April 24, 2008

Boz: Ritzy New Digs Unnerve Crapbag Team

In General I regard WaPo's sometime baseball columnist Thomas Boswell as a benign older gent sitting on a sun-dappled bench vacantly watching the buses roll by. Sit down next to him and you may ocassionally be graced with a nugget of hard-earned wisdom amid the gentle flow of pleasant babble. I usually don't subject his columns to a hard read. But for some reason I couldn't let this one go by. Feel free to fisk along at home, it's been edited to fit my attention span. (Commentary in italics.)

New Stadium, New Pressure

Nationals Park is at a slightly different elevation than RFK, so there probably is some pressure differential. Fair enough.

By Thomas Boswell Thursday, April 24, 2008; E01

Time is an artificial construct. Also, must we really have the page number in the online version of the column?

In their old digs at RFK Stadium last season, in a subterranean world of science-fiction-size rodents, insects and fungi, the Nationals often were mortified by their surroundings but seldom miserable in their baseball.

It's true, the Nats never had guests over last season, they were too embarrassed. Fans rarely visited either. And I'm resisting the temptation to make a "science-fiction-size rodent" The Princess Bride joke. Also, Paul Lo Duca = ROUS.

Bonded by obscurity and comfortable with nonexistent expectations, they focused on their sport, played to their limits and delighted some of baseball's smallest crowds. "That was one of the most fun years I've ever had in baseball," Austin Kearns said last night.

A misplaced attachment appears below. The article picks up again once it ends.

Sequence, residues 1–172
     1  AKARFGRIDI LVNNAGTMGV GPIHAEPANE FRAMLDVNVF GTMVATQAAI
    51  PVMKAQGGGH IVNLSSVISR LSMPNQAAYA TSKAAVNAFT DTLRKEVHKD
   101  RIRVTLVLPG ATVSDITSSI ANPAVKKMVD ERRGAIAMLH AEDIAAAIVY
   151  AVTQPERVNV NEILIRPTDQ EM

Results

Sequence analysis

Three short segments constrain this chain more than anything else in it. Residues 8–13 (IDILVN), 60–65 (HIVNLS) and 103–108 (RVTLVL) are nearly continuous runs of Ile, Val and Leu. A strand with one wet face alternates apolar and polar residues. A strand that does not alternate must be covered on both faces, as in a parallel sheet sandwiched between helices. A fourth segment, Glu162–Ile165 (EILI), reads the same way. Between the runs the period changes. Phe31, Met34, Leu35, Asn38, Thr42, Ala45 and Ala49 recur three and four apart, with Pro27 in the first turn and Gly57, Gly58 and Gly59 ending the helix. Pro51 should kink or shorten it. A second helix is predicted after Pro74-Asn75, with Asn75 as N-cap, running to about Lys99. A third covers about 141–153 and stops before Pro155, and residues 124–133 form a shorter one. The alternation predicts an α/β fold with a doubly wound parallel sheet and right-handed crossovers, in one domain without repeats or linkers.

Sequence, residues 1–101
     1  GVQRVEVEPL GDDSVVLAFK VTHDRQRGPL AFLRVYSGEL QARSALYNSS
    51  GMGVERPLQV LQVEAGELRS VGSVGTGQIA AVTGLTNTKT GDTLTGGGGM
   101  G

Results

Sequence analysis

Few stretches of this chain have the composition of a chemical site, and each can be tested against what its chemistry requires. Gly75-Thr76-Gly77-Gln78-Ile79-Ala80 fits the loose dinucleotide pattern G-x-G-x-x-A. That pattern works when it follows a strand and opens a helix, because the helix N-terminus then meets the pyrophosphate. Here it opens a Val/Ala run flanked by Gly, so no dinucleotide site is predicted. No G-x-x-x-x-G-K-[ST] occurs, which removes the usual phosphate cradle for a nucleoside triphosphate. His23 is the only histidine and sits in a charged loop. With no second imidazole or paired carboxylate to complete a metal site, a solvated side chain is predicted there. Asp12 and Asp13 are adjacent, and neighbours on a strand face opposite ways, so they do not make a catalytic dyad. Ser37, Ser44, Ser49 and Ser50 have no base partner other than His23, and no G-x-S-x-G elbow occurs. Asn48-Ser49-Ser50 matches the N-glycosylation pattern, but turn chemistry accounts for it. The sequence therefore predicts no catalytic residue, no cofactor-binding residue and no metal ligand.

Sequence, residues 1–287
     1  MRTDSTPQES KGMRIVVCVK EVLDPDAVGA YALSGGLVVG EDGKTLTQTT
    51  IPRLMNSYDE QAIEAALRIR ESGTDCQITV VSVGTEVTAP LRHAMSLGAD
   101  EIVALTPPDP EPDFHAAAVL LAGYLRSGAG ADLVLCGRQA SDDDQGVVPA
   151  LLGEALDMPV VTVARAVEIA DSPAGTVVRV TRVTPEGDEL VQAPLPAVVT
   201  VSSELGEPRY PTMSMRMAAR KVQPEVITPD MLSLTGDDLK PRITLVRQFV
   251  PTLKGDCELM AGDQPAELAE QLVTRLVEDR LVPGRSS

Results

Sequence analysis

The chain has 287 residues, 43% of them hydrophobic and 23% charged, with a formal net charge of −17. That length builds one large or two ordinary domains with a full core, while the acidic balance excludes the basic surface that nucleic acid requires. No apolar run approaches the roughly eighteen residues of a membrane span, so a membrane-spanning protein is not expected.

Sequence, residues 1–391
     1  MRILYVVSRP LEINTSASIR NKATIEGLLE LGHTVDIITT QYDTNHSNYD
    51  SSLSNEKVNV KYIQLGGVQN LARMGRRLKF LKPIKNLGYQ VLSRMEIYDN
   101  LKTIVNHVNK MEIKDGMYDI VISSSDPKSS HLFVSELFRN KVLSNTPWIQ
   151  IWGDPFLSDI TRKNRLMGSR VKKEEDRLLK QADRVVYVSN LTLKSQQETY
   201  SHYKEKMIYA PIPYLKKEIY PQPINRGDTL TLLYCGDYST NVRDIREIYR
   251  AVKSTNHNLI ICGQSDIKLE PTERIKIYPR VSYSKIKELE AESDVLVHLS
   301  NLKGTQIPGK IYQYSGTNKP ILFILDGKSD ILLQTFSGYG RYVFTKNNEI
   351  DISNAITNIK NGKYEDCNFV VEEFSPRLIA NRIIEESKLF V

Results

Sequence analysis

Last year Austin hit 266/355/411 good for a 103 OPS+. He earned roughly $3.5M for the effort. This year his salary escalates to $5M. If he had fun then, he must be living the dream now.

Now, their lockers are lined with mink, their shower fixtures are made of platinum and that Gatorade bucket in their dugout is filled with champagne. Not really.

Cue Uncle Teddy Lerner: You're darn right not really! It's skunk, chrome-plated lead and Korbel.

But a walk through their world would make sheiks and sultans jealous. Yet life is hard and baseball suddenly a burden for the Nats, who lost again last night to the Mets, 7-2, extending their spring debacle to 16 losses in 20 games by a humongous margin of 43 runs.

I understand the logic of run differential, but would you feel that much better if they'd lost 16 of 20 by a margin of 20 runs? I wouldn't. This ain't the NHL, point differential isn't a tie-breaker.

Quickly, crowds at the new Nationals Park are filling to the top rows, with 32,780 on hand to see the Mets in Washington's 22nd game of the season; only 21,662 showed up at RFK for the Nats' 23rd game of last season, also against the Mets.

It's easy to fill to the top rows when you fill the stadium from the top down. How're those Presidential Seats coming, Stan?

Who knew the curse of the Midas touch applied to ballparks?

Besides Midas?

The Nats are surrounded with everything money can buy.